How can a new kind of cinema be collectively created within a transnational society? SİNEMA TRANSTOPIA, the cinema-experiment by bi’bak, explores cinema as a space of social discourse, exchange, and solidarity. The curated film series brings together diverse social communities and connects places both near and geographically distant; it links pasts, presents and futures and moves away from a eurocentric gaze towards transnational, (post-)migrant and postcolonial perspectives. SİNEMA TRANSTOPIA is a different kind of cinema, one simultaneously committed to local and international communities, that understands cinema as an important public sphere of sociality; it considers film history as crucial to the work of cultural memory and is committed to a diversity of film culture and film art. In Haus der Statistik at Berlin-Alexanderplatz, SİNEMA TRANSTOPIA builds a bridge between urban practice and film to create a space that opens access, stimulates discussion, educates, moves, provokes and encourages.
SİNEMA TRANSTOPIA is funded by Haupstadtkulturfonds, Conrad Stiftung and the Programm NEUSTART KULTUR
Past event series can be found in the archive.
Fatal & Fallen considers the trope of the deadly, fallen, and delinquent woman as pictured in East Asian exploitation films. Spanning the 1970s to late-1980s, the programme examines Japan’s sexploitation films, Taiwan’s Black Movies, Hong Kong’s Girls with Guns and South-Korea’s thriller films. These often marginalized genres feature underworlds such as prisons, brothels, and even homes as sites of crime, sexual desire, and revenge. Fatal & Fallenindexes the region’s socio-political context, when years of post-war depression, struggling authoritarian regimes, foreign military rule, Cold War and rapid industrialisation found an outlet in extreme – often patriarchal and misogynistic – cinematic imagery. Whilst acknowledging the inscription of such problematic representations, Fatal & Fallen attempts to locate the socio-political knowledge arising from social negativity in film. Against this backdrop, Fatal & Fallen uncovers the dynamics of power and desire through the bleak yet charged territories of exploitation films.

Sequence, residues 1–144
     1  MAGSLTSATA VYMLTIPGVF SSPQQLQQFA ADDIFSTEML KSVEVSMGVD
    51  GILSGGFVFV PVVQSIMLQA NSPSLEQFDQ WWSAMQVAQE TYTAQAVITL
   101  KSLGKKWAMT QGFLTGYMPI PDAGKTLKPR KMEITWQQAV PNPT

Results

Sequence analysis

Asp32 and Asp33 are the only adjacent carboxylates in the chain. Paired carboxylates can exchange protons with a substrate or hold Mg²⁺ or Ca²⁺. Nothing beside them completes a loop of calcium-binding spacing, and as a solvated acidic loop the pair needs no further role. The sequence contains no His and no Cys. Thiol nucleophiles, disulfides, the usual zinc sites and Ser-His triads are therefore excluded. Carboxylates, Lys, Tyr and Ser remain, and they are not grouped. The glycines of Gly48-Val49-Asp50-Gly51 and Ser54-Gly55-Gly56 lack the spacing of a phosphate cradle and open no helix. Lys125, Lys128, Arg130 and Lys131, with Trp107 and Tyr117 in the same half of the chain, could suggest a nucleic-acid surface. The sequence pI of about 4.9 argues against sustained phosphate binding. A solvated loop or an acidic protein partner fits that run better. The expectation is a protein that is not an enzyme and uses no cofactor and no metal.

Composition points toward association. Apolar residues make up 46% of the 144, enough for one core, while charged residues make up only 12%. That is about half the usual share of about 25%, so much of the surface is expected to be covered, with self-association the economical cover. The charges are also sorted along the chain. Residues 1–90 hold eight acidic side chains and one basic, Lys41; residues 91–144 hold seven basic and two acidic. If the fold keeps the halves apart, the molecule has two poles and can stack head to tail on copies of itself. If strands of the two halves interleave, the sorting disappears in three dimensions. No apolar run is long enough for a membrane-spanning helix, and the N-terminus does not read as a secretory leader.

Fatal & Fallen was first presented at Singapore’s Asian Film Archive in the context of their Re:frame series from September – October 2021.
Funded by Berliner Senatsverwaltung für Kultur und Europa and das Programm NEUSTART des Bundesverband Soziokultur im Programmteil kulturelle und soziokulturelle Programmarbeit
XING is a research and curatorial platform championing visual art practices from East Asia, Southeast Asia and its diaspora. It was founded by Elizabeth Gabrielle Lee and now co-run with Jade Barget.
Elizabeth Gabrielle Lee is an interdisciplinary practitioner who works between visual art, cultural and artistic research, and education. Her practice concerns iterations of slow violence and the unearthing of micro and muted narratives.
Jade Barget is a curator based in Paris and Berlin with an interest in screen and moving image cultures. Her research centers on the relations between media and memory. She has curated various programmes and assists in the programming of transmediale.
Set in a psychedelic 1970s Japan, Ako, a rebel biker girl played by pop singer Akiko Wada, befriends the local all-girl gang boss, Mei (Meiko Kaji). When a war between local gangs erupts, Ako partners with Mei’s gang, the Stray Cats, to form a killer clique that combats rival gangs on the streets, in the boxing ring, and in clubs, where real life rock bands such as The Mops and The Ox perform live. With its girl-gang related street fights and motorcycle chases Stray Cat Rock: Delinquent Girl Boss depicts pink film’s sukeban (delinquent girl) trope. 70s youth acid culture oozes through the screen with kaleidoscopic cinematography, fashion and music. The choice of actors reflects Japan’s twentieth century waves of immigration: the boxer Kelly is played by the African-American-Japanese actor Ken Sanders, andAko by Akiko Wada, a descendant of Korean immigrants living in Japan.
Followed by a talk on Zoom
When a gang of assassins murders their parents, two sisters inherit the family business – a state-of-the-art computer surveillance system. Armed with new skills, the sisters become the most accomplished assassins in Hong Kong. But after killing a wealthy magnate, an undercover detective is suddenly hot on their tail. Loyalties are tested, alliances are questioned and survival becomes the most extreme sport of all. As part of the second wave of the Girls with Guns subgenre, So Close is an updated version of the 1980s films that were built on strong, female leads portrayed with ostensible power. However, the film masquerades female empowerment under the guise of a highly sexualising male gaze. Expressed in definitive Y2K stylisation and featuring quintessential early-2000 gadgets, fashion, and special effects, So Close captures the new millennium’s techno-optimism.